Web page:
Aphrodite is the goddess of love and beauty, which makes her sound like she should be one of the friendlier deities, but such is not necessarily the case. Like most members of the Greek pantheon, she could be helpful or vengeful depending on the situation. She brought Pygmalion’s statue to life, assisted Hippomenes in winning the hand of Atalanta, and made Medea love Jason so that he could obtain the Golden Fleece. On the other hand, she also contributed to the start of the Trojan War by giving Paris his deep desire for Helen. When King Cinyras of Cyprus claimed that his daughter Myrrha was more beautiful than the goddess, she made Myrrha lust after her own father. (That kind of makes me wonder why an Electra Complex isn’t called a Myrrha Complex, since I don’t know of any evidence that Electra was sexually attracted to her father, just devoted to him.) In another case, when Theseus‘ son Hippolytus began worshipping Athena instead of Aphrodite, the love goddess made his stepmother fall in love with him, which eventually led to his death. I guess it’s like Bender said at the end of The Beast with a Billion Backs: “Love is suspicious, love is needy. Love is fearful, love is greedy. My friends, there is no great love without great jealousy!”
There’s some debate over how and where Aphrodite was born. Some myths say that she was born when the disembodied testicles of Ouranos hit the ocean, while others make her the daughter of Zeus and the Titaness Dione. An origin story less famous than the other two makes her the child of Oceanus and Tethys. As such, there’s no agreement on which generation of gods she belongs to. It appears that Plato and other philosophers spoke of two Aphrodites, the older one symbolizing spiritual love and inspiring homosexuality, while the younger instills in men the more earthly love of women. Her birthplace has been identified as both Cyprus and Cythera, two Mediterranean islands that had cultic centers devoted to the love goddess.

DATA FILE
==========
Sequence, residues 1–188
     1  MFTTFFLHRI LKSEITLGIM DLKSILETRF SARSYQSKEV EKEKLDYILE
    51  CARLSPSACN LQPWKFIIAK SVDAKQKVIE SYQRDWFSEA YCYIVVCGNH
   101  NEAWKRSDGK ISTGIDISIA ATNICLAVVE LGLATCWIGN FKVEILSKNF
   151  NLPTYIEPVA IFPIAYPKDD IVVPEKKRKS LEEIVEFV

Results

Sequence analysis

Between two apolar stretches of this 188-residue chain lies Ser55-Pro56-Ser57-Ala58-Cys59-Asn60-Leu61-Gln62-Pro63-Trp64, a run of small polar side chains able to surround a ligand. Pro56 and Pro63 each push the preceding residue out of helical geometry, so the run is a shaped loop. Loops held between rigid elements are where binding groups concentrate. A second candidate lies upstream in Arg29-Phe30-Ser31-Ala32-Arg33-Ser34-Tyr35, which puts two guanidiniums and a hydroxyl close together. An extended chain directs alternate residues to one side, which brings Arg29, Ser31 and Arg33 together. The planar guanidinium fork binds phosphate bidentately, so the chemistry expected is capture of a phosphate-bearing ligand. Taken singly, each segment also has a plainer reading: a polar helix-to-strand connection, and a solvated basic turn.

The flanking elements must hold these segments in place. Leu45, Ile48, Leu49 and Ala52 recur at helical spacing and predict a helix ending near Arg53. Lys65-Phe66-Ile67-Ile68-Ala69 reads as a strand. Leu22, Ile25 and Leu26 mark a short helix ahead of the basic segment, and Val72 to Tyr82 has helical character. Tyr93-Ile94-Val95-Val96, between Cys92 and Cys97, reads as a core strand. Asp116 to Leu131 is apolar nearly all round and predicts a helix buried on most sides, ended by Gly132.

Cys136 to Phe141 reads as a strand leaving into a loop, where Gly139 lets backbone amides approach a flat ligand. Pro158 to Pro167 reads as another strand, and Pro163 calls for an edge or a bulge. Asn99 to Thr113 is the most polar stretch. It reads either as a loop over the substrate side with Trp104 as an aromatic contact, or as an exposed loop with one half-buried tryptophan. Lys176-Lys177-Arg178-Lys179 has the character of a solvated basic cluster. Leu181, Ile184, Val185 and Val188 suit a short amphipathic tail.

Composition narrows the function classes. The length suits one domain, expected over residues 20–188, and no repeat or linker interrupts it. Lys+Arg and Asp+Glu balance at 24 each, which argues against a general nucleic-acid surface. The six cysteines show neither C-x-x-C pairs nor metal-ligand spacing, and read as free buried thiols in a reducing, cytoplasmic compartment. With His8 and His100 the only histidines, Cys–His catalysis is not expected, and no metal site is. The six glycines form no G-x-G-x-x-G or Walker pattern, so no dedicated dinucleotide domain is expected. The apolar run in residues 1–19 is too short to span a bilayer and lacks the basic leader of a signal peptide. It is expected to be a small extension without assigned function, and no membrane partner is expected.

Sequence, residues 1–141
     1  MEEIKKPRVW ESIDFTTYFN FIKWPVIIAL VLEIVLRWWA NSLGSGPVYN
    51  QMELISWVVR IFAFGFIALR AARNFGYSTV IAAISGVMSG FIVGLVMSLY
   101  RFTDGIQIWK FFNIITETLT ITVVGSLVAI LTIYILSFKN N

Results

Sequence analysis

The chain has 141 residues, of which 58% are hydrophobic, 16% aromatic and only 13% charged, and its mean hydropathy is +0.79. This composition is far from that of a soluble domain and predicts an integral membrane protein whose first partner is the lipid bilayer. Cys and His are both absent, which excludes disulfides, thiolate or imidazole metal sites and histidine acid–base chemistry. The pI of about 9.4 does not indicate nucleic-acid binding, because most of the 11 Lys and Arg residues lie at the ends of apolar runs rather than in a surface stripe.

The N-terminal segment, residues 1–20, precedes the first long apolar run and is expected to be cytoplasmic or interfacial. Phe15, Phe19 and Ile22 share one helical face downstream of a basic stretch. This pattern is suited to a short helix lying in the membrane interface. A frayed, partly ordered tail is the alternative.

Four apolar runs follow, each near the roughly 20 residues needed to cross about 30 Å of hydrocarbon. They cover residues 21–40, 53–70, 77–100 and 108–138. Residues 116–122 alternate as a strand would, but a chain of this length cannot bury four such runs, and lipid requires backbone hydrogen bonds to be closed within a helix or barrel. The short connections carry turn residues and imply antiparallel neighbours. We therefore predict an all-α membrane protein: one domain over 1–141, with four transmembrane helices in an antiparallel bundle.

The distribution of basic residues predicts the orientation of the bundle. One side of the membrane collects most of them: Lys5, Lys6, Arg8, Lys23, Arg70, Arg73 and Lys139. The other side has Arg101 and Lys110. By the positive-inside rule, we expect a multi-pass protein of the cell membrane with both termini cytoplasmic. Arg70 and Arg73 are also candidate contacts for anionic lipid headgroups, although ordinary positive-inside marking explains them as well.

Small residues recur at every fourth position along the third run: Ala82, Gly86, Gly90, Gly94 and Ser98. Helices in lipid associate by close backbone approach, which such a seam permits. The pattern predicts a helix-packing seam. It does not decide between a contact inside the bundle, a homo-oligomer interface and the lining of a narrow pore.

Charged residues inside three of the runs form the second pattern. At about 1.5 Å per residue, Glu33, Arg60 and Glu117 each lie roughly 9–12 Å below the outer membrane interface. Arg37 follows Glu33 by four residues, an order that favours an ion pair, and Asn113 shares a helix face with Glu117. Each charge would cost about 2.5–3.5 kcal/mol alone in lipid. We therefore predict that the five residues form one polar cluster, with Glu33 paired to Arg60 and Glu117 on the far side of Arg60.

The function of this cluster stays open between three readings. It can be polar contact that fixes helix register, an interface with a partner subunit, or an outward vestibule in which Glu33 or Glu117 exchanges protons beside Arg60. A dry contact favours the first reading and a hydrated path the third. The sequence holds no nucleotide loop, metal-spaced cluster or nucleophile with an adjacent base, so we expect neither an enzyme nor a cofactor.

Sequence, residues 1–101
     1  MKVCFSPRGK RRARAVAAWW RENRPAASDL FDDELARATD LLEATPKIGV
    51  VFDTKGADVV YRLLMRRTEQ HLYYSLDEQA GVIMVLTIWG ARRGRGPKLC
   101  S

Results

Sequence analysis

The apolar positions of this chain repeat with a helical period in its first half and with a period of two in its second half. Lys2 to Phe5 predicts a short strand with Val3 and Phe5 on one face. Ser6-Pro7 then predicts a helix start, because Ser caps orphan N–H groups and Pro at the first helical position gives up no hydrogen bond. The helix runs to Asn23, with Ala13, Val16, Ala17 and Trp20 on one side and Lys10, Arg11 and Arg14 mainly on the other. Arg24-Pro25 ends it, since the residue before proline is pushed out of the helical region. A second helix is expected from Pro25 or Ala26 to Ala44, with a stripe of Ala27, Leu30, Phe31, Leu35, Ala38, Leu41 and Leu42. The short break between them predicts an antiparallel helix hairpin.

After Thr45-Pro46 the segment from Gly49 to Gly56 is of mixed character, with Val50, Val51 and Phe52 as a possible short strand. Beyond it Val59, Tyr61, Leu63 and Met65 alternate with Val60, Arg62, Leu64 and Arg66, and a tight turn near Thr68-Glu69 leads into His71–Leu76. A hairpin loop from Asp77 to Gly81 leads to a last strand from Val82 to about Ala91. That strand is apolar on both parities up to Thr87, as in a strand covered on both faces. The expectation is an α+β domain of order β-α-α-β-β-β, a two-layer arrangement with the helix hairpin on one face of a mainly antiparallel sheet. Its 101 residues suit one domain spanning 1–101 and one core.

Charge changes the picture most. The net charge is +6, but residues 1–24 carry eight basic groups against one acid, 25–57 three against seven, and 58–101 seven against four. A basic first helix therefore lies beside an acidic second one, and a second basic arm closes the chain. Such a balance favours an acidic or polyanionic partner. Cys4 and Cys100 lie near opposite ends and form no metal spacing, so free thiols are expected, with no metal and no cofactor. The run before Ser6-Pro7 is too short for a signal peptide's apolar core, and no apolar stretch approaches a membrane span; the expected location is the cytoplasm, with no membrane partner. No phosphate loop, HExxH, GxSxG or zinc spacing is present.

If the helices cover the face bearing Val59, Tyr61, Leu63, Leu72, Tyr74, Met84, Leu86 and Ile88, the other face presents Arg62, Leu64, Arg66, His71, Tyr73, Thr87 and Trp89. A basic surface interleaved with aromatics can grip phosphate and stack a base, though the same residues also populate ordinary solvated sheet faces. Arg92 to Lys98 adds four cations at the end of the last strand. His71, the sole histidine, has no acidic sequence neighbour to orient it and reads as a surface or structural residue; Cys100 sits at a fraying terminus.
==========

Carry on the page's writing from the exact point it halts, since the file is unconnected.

Aphrodite was married to Hephaestus, the ugliest of the gods, possibly to keep the others from fighting over her. She was never faithful to the smith god, however, having affairs with a lot of other deities. Ares was her favorite lover, but by no means her only one.
Various myths identified children of hers with Ares, Poseidon, Hermes, and Dionysus; but I know of no indication that she and her husband ever had any kids together. Hephaestus did give her many gifts, however, including a girdle that made her even more irresistible to men, which seems rather self-defeating on his part. I do enjoy it when gods have accessories. Another famous lover of Aphrodite’s was Adonis, son of Myrrha and her father.
She was sort of a surrogate mother to him at first, but later started having sex with him. I’m really starting to get the impression that she has no shame whatsoever. Also, as retribution for her ways of getting the gods to fall in love inappropriately, Zeus gave her romantic feelings for Anchises of Troy, another reason why she ended up supporting the Trojans in the war. Their son was Aeneas, the legendary founder of Rome.
As I’m sure you know, Aphrodite’s Roman name was Venus, and through Aeneas she was regarded as the mother of all Romans. The planet Venus has that name because of its bright appearance, and before the celestial body was really explored, people had the idea that it could be a paradise underneath the clouds.
I’m not exactly sure when the planet got its name. The Greeks called it Lucifer and Vesper, depending on whether it was the morning or evening star. While popular culture uses the adjective “Venusian” to apply to the planet, the more appropriate form is “Venerean.” Due to the unfortunate association with venereal disease, however, astronomers sometimes use “Cytherean.” The symbol for Venus is a circle on top of a cross, identified by some as a hand mirror. For some reason, this has also come to be the symbol of the feminine in general, as the one for Mars is that of the masculine.